In highly immunised communities, pertussis can occur in adults and adolescents as a result of waning immunity.64,69 These people are a significant reservoir of infection. Household contacts and carers are often the source of infection in infants. Parents are the source in more than 50% of cases.29 Siblings are also a significant source of infant infections.4,5 Young infants can also acquire the disease from healthcare workers.23-26

In contrast to previous epidemics, during the 200811 epidemic period in Australia, notification rates were highest in children < 15 years of age. The proportion of notifications in older adolescents and adults was lower during this epidemic than in other epidemics. Pertussis notifications were notably higher for children between 3 and 9 years of age.65,66 More accessible and sensitive diagnosis with nucleic acid testing contributed to the rise in notified cases.70 Waning of immunity induced by pertussis-containing vaccine was also a factor .3,7,8,71 Although notification rates were higher in this epidemic, hospitalisation and death rates from pertussis were not substantially higher.72

People aged 65 years have higher rates of hospitalisation from pertussis than younger adults.65

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How Does Vaccination Of Pregnant Women Help To Protect Their Babies

Vaccination during during weeks 16 to 32 of pregnancy helps the mother make antibodies to fight pertussis. It takes about two weeks for antibody levels to peak. These antibodies are then transferred through the placenta to the baby, who then has the mothers own protection against the disease in their blood right from birth. Very small quantities of pertussis antibodies may also be transferred to the baby through breast milk. In addition, the mother is protected against catching pertussis and passing it to her newborn baby. Pregnant women can be vaccinated any time up until they go into labour, but vaccination before week 32 is advised because it takes about two weeks for antibodies to pass across to the unborn baby. Overall, vaccinating women during pregnancy is the best way to protect newborn babies who are too young to be vaccinated themselves.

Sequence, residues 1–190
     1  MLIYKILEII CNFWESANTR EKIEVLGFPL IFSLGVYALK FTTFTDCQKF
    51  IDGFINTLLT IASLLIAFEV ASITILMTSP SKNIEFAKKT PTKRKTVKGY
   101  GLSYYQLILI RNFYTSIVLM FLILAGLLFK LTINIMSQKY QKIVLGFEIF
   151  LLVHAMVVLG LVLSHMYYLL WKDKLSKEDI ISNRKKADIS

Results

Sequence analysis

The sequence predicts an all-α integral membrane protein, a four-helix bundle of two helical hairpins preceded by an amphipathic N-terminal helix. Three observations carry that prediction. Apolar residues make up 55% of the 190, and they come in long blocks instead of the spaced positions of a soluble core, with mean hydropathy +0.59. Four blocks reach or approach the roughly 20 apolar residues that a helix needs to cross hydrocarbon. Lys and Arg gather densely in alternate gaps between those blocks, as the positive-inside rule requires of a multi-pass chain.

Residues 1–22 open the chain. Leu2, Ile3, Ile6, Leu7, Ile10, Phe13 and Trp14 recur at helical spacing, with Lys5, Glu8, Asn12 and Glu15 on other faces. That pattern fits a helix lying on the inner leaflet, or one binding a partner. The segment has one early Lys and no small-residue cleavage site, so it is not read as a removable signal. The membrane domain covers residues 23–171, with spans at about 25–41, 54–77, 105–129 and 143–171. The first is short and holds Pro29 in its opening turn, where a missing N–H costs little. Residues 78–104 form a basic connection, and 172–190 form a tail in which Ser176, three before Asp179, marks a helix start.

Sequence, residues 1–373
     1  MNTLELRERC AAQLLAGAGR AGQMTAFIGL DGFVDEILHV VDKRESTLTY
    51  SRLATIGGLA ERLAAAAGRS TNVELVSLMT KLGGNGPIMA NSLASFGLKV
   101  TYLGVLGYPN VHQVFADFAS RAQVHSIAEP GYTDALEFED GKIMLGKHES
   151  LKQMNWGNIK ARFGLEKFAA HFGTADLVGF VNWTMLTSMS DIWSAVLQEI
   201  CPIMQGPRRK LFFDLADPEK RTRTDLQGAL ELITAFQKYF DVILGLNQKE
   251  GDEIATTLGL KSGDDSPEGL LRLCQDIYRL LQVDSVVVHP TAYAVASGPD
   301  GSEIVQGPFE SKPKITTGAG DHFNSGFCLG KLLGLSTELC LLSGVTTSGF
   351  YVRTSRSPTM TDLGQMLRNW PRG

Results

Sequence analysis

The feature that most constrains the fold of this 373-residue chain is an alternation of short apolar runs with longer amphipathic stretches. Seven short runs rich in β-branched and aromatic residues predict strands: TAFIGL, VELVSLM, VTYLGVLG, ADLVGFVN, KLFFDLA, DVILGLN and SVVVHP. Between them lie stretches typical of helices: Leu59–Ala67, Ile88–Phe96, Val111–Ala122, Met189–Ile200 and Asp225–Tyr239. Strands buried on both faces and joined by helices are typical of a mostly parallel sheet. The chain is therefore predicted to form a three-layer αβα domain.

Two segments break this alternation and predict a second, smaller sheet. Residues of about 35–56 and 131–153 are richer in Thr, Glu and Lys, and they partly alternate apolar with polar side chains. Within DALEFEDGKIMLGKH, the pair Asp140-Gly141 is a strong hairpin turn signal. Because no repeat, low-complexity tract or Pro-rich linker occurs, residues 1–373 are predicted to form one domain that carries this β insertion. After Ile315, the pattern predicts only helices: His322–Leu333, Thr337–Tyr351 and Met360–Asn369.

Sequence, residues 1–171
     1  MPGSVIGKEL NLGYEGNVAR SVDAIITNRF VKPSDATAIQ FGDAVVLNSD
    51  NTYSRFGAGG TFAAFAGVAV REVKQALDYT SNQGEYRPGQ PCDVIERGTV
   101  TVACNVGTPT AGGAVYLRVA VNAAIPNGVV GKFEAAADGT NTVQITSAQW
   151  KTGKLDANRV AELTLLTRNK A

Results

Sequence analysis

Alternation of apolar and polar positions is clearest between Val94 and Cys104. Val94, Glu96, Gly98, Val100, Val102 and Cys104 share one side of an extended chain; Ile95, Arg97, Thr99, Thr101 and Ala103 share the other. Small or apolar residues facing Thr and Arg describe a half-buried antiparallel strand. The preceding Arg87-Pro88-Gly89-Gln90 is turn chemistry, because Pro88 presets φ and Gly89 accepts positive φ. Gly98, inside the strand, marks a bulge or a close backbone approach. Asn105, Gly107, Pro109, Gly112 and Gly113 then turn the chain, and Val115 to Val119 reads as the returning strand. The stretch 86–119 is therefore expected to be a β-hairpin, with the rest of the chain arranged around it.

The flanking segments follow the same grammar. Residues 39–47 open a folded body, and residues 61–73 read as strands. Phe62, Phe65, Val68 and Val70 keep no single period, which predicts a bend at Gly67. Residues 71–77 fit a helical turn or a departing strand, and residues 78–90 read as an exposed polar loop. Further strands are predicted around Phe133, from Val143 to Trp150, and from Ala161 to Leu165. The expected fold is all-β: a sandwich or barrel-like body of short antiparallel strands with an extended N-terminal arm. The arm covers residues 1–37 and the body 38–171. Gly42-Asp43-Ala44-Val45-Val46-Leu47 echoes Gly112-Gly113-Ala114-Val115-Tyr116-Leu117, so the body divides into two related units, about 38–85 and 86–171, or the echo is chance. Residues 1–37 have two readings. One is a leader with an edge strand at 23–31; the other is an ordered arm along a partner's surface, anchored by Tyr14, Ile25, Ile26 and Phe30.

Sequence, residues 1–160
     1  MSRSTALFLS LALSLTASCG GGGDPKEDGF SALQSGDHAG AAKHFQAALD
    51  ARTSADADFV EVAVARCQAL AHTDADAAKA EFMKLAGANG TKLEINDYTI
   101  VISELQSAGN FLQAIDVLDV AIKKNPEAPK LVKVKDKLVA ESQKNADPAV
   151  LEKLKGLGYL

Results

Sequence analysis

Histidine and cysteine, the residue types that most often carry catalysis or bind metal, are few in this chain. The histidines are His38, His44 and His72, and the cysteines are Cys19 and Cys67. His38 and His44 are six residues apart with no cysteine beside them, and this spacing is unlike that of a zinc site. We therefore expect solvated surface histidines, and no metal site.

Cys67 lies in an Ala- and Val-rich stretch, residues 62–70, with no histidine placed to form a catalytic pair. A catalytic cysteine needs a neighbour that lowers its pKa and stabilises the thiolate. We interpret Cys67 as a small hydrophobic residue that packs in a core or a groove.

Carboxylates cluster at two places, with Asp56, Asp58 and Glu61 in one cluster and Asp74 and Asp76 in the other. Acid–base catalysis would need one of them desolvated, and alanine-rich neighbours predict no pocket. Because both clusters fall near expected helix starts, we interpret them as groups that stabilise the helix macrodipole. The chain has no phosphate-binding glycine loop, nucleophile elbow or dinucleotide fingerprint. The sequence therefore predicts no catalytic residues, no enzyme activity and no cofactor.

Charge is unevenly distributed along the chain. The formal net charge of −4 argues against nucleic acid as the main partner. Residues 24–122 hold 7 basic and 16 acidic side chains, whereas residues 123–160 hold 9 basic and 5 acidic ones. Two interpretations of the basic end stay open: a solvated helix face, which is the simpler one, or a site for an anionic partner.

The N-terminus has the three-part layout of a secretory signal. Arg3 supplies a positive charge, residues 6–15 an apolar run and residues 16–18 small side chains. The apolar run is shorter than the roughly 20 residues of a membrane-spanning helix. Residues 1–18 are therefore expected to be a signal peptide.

The protection offered by the mothers antibodies lasts only a few months. It is therefore important for babies to get their routine immunisations at 2, 3 and 4 months so that they continue to be protected .

It is recommended that women have the pertussis vaccine in each pregnancy, even if they have been vaccinated in a previous pregnancy.

When Do I Need To Get This Vaccine And How Often

“We vaccinate our children against whooping cough, of course, and that has been successful. But we’ve learned that once people become young adults, the immunity wanes a little, so now outbreaks are happening in various places around the country. There is a relatively new vaccine that adds whooping cough to the familiar diphtheria and tetanus shot. Next time you get this shot, it will likely be Tdap, which stands for tetanus, diphtheria, and pertussis. That will protect patients and help prevent them from transmitting the disease to others.”

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Treatment For Whooping Cough

In its early stages, the symptoms of whooping cough can be reduced by taking antibiotics. If treatment is given in the first 21 days of the illness, the risk of passing the infection to others might be reduced.

Members of the infected person’s household are at increased risk of getting the disease and are usually prescribed a strong antibiotic as a preventative measure, even if they are fully immunised.

Whooping Cough Vaccination For Pregnant Women

Developing a next-generation whooping cough vaccine